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We're going to start you off with a list of people who have read and loved A Tree Grows in Brooklyn:
But why all the buzz? Why does this novel written the 1940s about life in turn-of-the-twentieth-century Williamsburg, Brooklyn capture so many people’s undying devotion to this day?
Maybe it is something about Francie Nolan, the protagonist. She’s pretty cool, but not in a way that makes her popular. In fact, she is pretty lonely most of the time. Instead, Francie is cool in the way that confident and driven people are cool, and she defies a lot of odds by making it out of a mean life of poverty—an impressive feat in its own right that's even more impressive since she's a young girl in a time when expectations for what girls achieve do were pretty low.
People might find it easy to relate to Francie as she goes through the difficulties of growing up. Let’s face it: growing up is filled with disappointments and uncertainties—peppered with awesome moments of excitement and thrills. This seems to be true for just about everybody, whether they grew up in 1913, 1963, or the 21st century.
It’s more than just a story about Francie and growing up, though. This book takes an honest look at the love and struggles within family. It is a hopeful tale about people who have the ability to change their lives through hard work and determination, and it is a pretty accurate depiction about was it was like to be a poor immigrant living at this time.
Although it is easy to believe that this is the story of Betty Smith’s young life, she was adamant that this isn’t her autobiography and often said that she wrote A Tree Grows in Brooklyn the way things should have been, not as they actually were. It really doesn't matter, though, because A Tree Grows in Brooklyn is such a solid tale that Francie Nolan (and some of the other characters, too) just might stick with you for a long time after you finish the book. We guess you could say they'll take root in your heart… get it? Good, now let's get started.
As you probably know by now, life is just unfair at times. There is no denying that some have it way easier than others, and Francie is one of those who has it pretty tough:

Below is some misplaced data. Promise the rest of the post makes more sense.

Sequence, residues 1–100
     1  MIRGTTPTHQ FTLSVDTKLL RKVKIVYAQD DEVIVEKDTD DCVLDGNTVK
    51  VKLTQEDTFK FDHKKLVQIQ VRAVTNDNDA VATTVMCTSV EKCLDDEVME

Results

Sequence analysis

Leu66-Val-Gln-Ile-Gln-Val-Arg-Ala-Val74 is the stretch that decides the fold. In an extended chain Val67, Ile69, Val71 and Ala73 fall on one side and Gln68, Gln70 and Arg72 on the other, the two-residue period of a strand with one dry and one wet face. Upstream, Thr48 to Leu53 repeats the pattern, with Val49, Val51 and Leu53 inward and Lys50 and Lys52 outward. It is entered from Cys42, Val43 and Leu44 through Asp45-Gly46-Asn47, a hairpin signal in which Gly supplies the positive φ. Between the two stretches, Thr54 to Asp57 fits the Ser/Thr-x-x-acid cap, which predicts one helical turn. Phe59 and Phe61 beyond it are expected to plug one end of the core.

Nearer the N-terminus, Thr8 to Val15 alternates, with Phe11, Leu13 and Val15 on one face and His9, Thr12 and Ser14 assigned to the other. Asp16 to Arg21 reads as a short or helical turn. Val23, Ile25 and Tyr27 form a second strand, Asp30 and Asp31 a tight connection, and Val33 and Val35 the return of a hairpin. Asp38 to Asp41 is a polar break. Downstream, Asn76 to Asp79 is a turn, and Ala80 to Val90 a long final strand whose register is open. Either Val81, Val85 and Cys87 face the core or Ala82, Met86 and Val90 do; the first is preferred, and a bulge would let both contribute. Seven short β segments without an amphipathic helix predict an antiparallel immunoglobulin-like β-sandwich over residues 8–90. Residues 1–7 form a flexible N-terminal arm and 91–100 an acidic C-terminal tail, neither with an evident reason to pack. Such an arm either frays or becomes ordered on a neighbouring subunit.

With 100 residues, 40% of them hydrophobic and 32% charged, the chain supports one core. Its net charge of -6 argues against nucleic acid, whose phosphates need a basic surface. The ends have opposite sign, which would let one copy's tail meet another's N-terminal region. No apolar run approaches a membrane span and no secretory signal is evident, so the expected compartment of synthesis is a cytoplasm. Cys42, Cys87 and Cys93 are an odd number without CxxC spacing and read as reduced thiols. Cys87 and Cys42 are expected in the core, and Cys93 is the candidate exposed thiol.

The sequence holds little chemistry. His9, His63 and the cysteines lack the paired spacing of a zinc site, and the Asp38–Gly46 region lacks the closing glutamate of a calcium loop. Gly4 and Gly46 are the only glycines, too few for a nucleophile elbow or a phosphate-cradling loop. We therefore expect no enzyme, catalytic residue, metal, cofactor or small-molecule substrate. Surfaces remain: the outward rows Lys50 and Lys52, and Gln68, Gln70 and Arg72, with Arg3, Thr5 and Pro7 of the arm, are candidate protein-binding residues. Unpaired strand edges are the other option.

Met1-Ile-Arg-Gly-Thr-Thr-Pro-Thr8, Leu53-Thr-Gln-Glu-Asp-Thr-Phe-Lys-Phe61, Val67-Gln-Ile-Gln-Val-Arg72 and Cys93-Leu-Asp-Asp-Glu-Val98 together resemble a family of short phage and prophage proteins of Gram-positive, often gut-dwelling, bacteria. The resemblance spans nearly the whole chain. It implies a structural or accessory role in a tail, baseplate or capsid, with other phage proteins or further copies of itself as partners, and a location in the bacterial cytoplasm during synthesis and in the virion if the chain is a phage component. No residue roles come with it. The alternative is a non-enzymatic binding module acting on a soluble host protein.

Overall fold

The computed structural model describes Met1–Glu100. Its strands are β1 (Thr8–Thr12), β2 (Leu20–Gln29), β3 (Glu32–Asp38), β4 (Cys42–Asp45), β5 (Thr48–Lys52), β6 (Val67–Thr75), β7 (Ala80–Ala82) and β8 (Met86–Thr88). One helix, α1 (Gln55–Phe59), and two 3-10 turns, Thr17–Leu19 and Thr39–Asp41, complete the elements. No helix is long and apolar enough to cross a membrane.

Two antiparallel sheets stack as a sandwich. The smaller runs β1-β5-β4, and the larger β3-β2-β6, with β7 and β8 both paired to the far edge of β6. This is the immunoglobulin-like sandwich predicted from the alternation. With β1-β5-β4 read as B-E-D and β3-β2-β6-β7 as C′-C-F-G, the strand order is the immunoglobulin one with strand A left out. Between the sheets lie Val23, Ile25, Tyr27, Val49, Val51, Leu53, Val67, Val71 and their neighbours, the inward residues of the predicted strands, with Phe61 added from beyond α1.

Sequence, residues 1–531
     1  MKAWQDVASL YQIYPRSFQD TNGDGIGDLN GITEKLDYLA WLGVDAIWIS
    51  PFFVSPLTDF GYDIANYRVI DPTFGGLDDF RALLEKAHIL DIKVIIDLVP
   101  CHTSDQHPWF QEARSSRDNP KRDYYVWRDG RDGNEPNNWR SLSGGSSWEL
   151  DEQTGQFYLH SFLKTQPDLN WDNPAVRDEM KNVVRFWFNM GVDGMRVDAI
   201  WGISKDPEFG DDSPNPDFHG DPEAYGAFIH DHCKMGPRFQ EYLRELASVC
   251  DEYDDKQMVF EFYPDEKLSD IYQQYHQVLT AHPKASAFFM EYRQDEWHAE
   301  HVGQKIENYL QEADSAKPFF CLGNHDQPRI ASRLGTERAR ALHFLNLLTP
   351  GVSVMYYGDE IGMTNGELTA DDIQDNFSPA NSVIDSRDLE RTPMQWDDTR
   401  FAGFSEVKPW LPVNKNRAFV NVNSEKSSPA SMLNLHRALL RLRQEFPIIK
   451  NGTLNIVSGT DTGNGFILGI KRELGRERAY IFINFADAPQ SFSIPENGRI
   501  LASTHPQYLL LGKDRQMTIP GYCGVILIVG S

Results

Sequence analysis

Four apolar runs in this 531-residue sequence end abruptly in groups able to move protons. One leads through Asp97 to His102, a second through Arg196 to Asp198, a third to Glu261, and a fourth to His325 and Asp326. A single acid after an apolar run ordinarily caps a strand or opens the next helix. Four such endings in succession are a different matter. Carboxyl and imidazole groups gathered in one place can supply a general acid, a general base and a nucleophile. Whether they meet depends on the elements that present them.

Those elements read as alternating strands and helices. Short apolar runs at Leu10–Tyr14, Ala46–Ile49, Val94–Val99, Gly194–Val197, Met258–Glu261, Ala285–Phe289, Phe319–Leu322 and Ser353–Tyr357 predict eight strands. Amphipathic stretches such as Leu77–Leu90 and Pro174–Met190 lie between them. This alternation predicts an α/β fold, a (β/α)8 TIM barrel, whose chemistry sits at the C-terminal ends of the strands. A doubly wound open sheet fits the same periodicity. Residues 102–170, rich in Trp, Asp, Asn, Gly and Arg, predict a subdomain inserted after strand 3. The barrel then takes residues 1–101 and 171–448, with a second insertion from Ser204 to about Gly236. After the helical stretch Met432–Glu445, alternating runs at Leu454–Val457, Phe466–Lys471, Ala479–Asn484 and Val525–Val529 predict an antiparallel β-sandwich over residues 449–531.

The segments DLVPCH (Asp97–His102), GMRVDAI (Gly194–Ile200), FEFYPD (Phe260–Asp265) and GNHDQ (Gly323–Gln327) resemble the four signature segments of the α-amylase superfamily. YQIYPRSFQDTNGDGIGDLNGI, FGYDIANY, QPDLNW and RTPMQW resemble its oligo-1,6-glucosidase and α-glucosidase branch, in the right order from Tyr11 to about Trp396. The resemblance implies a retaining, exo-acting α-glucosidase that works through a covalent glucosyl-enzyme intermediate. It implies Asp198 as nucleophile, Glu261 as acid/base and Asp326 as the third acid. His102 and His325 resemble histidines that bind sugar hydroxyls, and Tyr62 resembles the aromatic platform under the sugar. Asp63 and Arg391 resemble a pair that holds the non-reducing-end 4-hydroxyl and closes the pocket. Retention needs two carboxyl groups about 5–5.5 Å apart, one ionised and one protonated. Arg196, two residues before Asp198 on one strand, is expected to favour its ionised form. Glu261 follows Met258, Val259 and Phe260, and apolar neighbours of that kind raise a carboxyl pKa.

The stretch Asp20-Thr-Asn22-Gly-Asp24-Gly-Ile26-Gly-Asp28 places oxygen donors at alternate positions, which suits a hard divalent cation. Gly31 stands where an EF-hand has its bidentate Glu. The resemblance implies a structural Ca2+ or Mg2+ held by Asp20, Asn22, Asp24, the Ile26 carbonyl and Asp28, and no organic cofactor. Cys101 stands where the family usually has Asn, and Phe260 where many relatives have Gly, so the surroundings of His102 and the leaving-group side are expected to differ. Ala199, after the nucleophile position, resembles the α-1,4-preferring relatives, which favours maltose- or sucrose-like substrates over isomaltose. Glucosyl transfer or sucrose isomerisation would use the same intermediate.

There’s no doubt that this list is more than a heavy load to bear, and we'd certainly use it as a free pass to a psychologist’s office.
That's not Francie's style, though. She is a glass half-full type, so instead of focusing on all the negatives, she sees the beauty that is all around her. There is magic in Brooklyn, and she wants to show it to you.
Chances are good that you have some stuff in your life that is unfair. Reading A Tree Grows in Brooklyn may help you realize that life can be magical anyway though, that there is beauty all around us when we let ourselves see it.
All Things Betty Smith
Can’t get enough Betty Smith? Now you can dig into some biographical information along with descriptions of archival material located in the Wilson Library at the University of North Carolina at Chapel Hill. A trip to the UNC library would be the place to go to really get the scoop.
Can’t Make it to Her Archives in North Carolina?
This is a dissertation written by Carol Siri Johnson all about Betty Smith, A Tree Grows in Brooklyn, and some of Smith's other works. She also discusses how the novel fits into the bigger literary picture, too.
Urban Trees vs Rural Trees
If you have one tree growing in Brooklyn and another tree growing in the country, which is going to win?
Where is Williamsburg, Brooklyn, New York anyway?
It’s right about here.
A Tree Grows in Brooklyn
This is an Oscar award winning 1945 film. It was directed by Elia Kazan and starred Peggy Ann Garner as Francie, who many considered to be the best child actor of the time.
A Tree Grows in Brooklyn
The 1974 made-for-TV movie is sometimes said to be a bit more loyal to the book, but it is not as critically acclaimed as the 1945 film. Also, it’s a lower budget version.
Here’s Johnny (Singing… Of Course)
In this clip from the 1945 film, Johnny Nolan (played by James Dunn, whose performance in this film earned him the Oscar for best supporting actor) sings “Annie Laurie.”
Francie Meets McShane
In this clip from the 1945 film, notice how the way they shoot Francie and McShane’s eyes. This helps foreshadow that they will meet again sometime. The clip also shows Mama and Francie having a tough time at school.
A Tree Grows in Brooklyn in 60 seconds
Looking for a super condensed way to summarize the novel? Here you go.
I Want to Hear it, too!
Is reading the book not enough for you? Perhaps you want to hear it in the car, too? Or maybe you could read along with it. Shmoop likes that, too.
The Tree that Grows in Brooklyn
The view from Francie’s fire escape, perhaps?
They Can Grow Other Places, too
Here’s a great big one growing in Germany.
Betty Smith, Herself
So, what do you think? Does she look like a grown up Francie to you?
Original Book Cover Art
This is the cover of the first edition of the novel.
This is the cover on the 1945 film
Francie and Johnny
This pic pretty much sums up their relationship
Francie, Neeley, and Brooklyn
Here’s a look at what they could see from the rooftop.